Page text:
• 1.

    World Health Organization, 2018. Chagas Disease (American trypanosomiasis). Available at: http://www.who.int/chagas/en/. Accessed August 14, 2018.

  • 2.

    Oliveira JD, Alevi KC, 2017. Taxonomic status of Panstrongylus herreri Wygodzinsky, 1948 and the number of Chagas disease vectors. Rev Soc Bras Med Trop 50: 434435.

    • Search Google Scholar
    • Export Citation
  • 3.

    Oliveira J, Ayala JM, Justi SA, Rosa JA, Galvão C, 2018. Description of a new species of Nesotriatoma Usinger, 1944 from Cuba and revalidation of synonymy between Nesotriatoma bruneri (Usinger, 1944) and N. flavida (Neiva, 1911) (Hemiptera, Reduviidae, Triatominae). J Vector Ecol 43: 148157.

    • Search Google Scholar
    • Export Citation
  • 4.

    Dorn PL, Just SA, Dale C, Stevens L, Galvão C, Cordon RL, Monroy C, 2018. Description of Triatoma mopan sp. n. (Hemiptera, Reduviidae, Triatominae) from a cave in Belize. Zookeys 775: 6995.

    • Search Google Scholar
    • Export Citation
  • 5.

    Galvão C, 2014. Vetores da Doença de Chagas no Brasil. Curitiba, Brazil: Sociedade Brasileira de Zoologia.

  • 6.

    Mendonça VJ, Alevi KCC, Pinotti H, Gurgel-Gonçalves R, Pita S, Guerra AL, Panzera F, Araújo RF, Azeredo-Oliveira MTC, Rosa JA, 2016. Revalidation of Triatoma bahiensis Sherlock & Serafim, 1967 (Hemiptera: Reduviidae) and phylogeny of the T. brasiliensis species complex. Zootaxa 4107: 239254.

    • Search Google Scholar
    • Export Citation
  • 7.

    Souza ES, Von Atzingen NCB, Furtado MB, Oliveira J, Nascimento JD, Vendrami DP, Gardim S, Rosa JA, 2016. Description of Rhodnius marabaensis sp. n. (Hemiptera, Reduviidade, Triatominae) from Pará state, Brazil. ZooKeys 621: 4562.

    • Search Google Scholar
    • Export Citation
  • 8.

    Rosa JA, Justino HHG, Nascimento JD, Mendonça VJ, Rocha CS, Carvalho DB, Falcone R, Azeredo-Oliveira MTV, Alevi KCC, Oliveira J, 2017. A new species of Rhodnius from Brazil (Hemiptera, Reduviidae, Triatominae). ZooKeys 675: 125.

    • Search Google Scholar
    • Export Citation
  • 9.

    Instituto Brasileiro de Geografia e Estatística, 2010. Available at: https://cidades.ibge.gov.br/brasil/sp/sao-paulo/panorama. Accessed August 14, 2018.

  • 10.

    Corrêa RR, Ferreira AO, 1959. Distribuição geográfica, habitats e infecção do Triatoma sordida no Estado de São Paulo, Rev Inst Med Trop São Paulo 1: 207213.

    • Search Google Scholar
    • Export Citation
  • 11.

    Rodrigues VLCC, Ferraz Filho AN, Silva EOR, Lima VLC, 1992. Prevalência, índices de infecção e hábitos alimentares de triatomíneos capturados em uma área de vigilância epidemiológica. Rev Soc Bras Med Trop 25: 183190.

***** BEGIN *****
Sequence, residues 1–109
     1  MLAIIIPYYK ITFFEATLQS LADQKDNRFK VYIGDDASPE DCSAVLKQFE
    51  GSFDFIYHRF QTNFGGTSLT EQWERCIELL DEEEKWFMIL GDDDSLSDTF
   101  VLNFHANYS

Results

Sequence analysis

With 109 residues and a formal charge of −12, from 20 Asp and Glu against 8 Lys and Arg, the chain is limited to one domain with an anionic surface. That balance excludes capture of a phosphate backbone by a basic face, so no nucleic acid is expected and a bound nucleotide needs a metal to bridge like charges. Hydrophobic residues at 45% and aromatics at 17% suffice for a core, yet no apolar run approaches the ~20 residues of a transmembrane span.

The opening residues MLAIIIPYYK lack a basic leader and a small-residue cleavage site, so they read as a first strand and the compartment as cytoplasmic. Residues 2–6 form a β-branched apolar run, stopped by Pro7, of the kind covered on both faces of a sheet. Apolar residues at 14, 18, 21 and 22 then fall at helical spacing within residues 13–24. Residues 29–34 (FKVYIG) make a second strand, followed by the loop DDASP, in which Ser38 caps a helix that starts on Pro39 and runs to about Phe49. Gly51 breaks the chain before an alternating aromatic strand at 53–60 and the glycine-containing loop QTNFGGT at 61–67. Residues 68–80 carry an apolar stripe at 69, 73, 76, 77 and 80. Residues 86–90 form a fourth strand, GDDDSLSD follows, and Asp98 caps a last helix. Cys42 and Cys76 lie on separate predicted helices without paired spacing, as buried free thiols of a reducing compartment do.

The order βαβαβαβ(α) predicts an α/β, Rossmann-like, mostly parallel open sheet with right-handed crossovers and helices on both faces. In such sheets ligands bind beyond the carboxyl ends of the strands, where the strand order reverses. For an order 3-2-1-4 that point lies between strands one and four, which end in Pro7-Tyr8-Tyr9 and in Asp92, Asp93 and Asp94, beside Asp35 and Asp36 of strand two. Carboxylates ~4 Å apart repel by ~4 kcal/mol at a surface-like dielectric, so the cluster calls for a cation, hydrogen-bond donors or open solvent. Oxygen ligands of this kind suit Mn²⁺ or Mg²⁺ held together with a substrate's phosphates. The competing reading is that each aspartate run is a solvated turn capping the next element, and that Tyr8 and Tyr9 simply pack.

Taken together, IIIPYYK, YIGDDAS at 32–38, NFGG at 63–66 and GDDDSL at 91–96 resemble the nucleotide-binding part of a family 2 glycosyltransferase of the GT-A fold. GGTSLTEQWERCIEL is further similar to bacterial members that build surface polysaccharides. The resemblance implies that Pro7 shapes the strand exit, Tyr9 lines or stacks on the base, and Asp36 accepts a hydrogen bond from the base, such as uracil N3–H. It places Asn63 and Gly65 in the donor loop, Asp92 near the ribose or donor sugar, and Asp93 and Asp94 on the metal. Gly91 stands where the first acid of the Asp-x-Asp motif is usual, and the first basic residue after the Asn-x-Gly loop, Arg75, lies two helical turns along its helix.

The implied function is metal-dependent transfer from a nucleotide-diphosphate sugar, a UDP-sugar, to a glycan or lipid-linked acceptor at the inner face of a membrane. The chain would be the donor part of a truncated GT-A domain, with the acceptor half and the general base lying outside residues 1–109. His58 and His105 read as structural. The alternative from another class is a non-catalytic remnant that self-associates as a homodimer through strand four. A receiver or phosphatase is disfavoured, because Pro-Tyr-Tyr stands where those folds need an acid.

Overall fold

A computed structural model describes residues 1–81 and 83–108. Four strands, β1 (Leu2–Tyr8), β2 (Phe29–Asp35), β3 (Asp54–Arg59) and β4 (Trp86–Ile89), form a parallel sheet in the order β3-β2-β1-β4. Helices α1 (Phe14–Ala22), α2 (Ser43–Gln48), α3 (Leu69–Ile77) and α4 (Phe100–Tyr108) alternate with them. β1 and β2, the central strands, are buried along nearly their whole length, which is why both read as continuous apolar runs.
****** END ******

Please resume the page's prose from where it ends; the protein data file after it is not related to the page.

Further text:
• Search Google Scholar
    • Export Citation
  • 12.

    Carvalho ME, Silva RA, Barata JM, Domingos MF, Ciaravolo RM, Zacharias F, 2003. Chagas’ disease in the southern coastal region of Brazil. Rev Saúde Públ 37: 4958.

    • Search Google Scholar
    • Export Citation
  • 13.

    Ceretti-Junior W, Vendramini DP, Matos-Junior MO, Ribeiro AR, Alvarez JV, Marques S, Duarte NA, Silva RA, Rosa JA, Marrelli MT, 2018. Occurrences of triatomines (Hemiptera: Reduviidae) and first reports of Panstrongylus geniculatus in urban environments in the city of São Paulo, Brazil. Rev Inst Med Trop São Paulo 60: e33.

    • Search Google Scholar
    • Export Citation
  • 14.

    Ribeiro AR, Oliveira RC, Ceretti-Junior W, Lima L, Almeida LA, Nascimento JD, Teixeira MM, Rosa JA, 2016. Trypanosoma cruzi isolated from a triatomine found in one of the biggest metropolitan areas of Latin America. Rev Soc Bras Med Trop 49: 183189.

    • Search Google Scholar
    • Export Citation
  • 15.

    Carbajal de la Fuente AL, Jaramillo N, Barata JMS, Noireau F, Diotaiuti L, 2011. Misidentification of two Brazilian triatomes, Triatoma arthurneivai and Triatoma wygodzinskyi, revealed by geometric morphometrics. Med Vet Entomol 25: 178183.

    • Search Google Scholar
    • Export Citation
  • 16.

    Alevi KCC, Imperador CHL, Moreira FFF, Jurberg J, Azeredo-Oliveira MTV, 2016. Differentiation between Triatoma arthurneivai and Triatoma wygodzinskyi (Hemiptera: Reduviidae: Triatominae) using cytotaxonomy. Gen Mol Res 15: 15.

    • Search Google Scholar
    • Export Citation